The latter phrase of 'shippe-swallower' being only too true, has stuck, and there does seem historic ground to warrant us in believing that in the year named there was a great storm and incursion of the sea; but whether the Goodwin Sands were ever the fertile island of Lomea and the estate of the great earl seems to be more than uncertain.

But there is no doubt whatever that the theory that the inundation of the sea in A.D. 1099, which 'drenched' the Low Countries, withdrew the sea from the Goodwins and left it bare at low water, while before this inundation it had been more deeply covered by the ocean, is quite untenable, for the sea never permanently shifts, but always returns to its original level. When we speak of the sea 'gaining' or 'losing,' what is really meant is that the land gains or loses, and therefore the idea of the Goodwins being laid bare and uncovered by the sea water running away from it and over to Flanders is absurd.

In all probability the origin of the Goodwin Sands is not to be ascribed to their once having been a fertile island, or to their having been uncovered by the sea falling away from them, but to their having been actually formed by the action of the sea itself, ever since the incursion of the sea up the Channel and from the north made England an island.

There are great natural causes in operation which account for the formation of the mighty sandbank by gradual accumulation, without having recourse to the hypothesis that it is the ruined remains of the fabulous island of Lomea, fascinating as the idea is that it was once Earl Godwin's island home.

The two great tidal waves of different speed which sweep round the north of England and up the English Channel, meet twice every day a little to the north of the North Foreland, where the writer has often waited anxiously to catch the ebb going south.

Eddies and currents of all kinds hang on the skirts of this great 'meeting of the waters,' and hence in the narrows of the Channel, where the Goodwins lie, the tide runs every day twice from all points of the compass, and there is literally every day in the year a great whirlpool all round and over the Goodwin Sands, deflected slightly perhaps, but not caused by those sands, but by the meeting of the two tidal waves twice every twenty-four hours.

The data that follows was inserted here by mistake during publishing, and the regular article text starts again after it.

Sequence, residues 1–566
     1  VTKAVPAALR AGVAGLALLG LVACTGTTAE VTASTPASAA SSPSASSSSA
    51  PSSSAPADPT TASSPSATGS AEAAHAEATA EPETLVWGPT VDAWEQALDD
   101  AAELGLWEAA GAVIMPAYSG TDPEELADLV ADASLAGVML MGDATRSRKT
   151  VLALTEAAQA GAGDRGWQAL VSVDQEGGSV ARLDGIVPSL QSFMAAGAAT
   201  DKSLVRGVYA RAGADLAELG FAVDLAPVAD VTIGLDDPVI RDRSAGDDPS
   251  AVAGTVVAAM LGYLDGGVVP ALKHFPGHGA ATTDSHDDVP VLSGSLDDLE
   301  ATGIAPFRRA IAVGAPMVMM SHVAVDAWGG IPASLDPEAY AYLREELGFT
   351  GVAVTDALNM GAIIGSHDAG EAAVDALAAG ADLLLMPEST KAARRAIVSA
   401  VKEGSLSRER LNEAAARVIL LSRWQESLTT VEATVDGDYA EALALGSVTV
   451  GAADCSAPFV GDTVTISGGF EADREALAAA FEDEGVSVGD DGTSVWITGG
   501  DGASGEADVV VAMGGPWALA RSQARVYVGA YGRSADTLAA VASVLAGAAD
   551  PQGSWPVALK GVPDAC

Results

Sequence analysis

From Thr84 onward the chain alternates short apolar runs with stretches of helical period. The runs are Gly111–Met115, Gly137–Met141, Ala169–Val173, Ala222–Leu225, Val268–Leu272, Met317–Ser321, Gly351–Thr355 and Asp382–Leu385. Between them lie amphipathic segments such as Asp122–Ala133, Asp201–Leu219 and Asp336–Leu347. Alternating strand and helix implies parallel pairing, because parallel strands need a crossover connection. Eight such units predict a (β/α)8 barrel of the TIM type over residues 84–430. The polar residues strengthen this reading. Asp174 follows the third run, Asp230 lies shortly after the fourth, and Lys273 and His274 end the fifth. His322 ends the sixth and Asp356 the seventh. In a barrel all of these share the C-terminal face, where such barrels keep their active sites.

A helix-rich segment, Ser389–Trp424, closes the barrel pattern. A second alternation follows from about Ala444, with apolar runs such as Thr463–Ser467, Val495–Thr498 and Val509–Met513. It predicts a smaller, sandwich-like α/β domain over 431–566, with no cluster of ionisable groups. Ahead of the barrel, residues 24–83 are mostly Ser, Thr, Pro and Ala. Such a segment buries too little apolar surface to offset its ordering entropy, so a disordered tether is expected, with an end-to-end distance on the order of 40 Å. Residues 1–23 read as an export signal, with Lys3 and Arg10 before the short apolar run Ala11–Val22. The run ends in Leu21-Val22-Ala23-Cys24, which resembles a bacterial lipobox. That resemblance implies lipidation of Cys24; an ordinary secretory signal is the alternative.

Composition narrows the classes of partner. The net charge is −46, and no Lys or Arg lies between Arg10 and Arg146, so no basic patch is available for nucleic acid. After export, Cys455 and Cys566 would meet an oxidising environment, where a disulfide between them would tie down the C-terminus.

This daily Maelstrom is sufficient to account for the formation of the mighty sandbank, for the water is laden with the detritus of cliff and beach which it has taken up in its course round England, and, just as if you give a circular motion to a basin of muddy water, you will soon find the earthy deposit centralised at the bottom of the basin, so the great Goodwins are the result of the daily deposit of revolving tides.

That the tides literally 'revolve' round the Goodwins is well known to the Deal men and to sailors in general, and this revolution is described in most of the tide tables and nautical almanacks used by mariners, e.g. 'The Gull Stream about one hour and ten minutes before high water runs N.E. 3/4 N., but the last hour changes to E.N.E. and even to E.S.E., and the last hour of the southern stream changes from S.W. 1/2 S. to W.S.W. and even to W.N.W[2].' Here the reader will distinctly see recorded the great causes in operation which are sufficient in the lapse of centuries to produce and maintain the Goodwin Sands. But how they came to be called the Goodwin Sands we know not, and can only conjecture. Those were the days of Siward and Duncan and Macbeth, and, like them, the imposing form of the great Earl of Kent is shrouded in the mists and the myths of eight centuries.

He was evidently placed, in the first instance by royal authority or that of the Saxon Witan, in some such position as Captain of the Naval forces of all Southern England, and it is certain that he gathered round himself the affections of the sailors of Sandwich, Hythe, Romney, Hastings, and Dover.

When he sailed from Bruges against Edward, 'the fort of Hastings opened to his coming with a shout from its armed men. All the boatmen, all the mariners far and near, thronged to him, with sail and shield, with sword and with oar.' And on his way to Pevensey and Hastings from Flanders he would seem to have run outside, and at the back of the Goodwins, while the admirals of Edward the Confessor, Rodolph and Odda, lay fast in the Downs.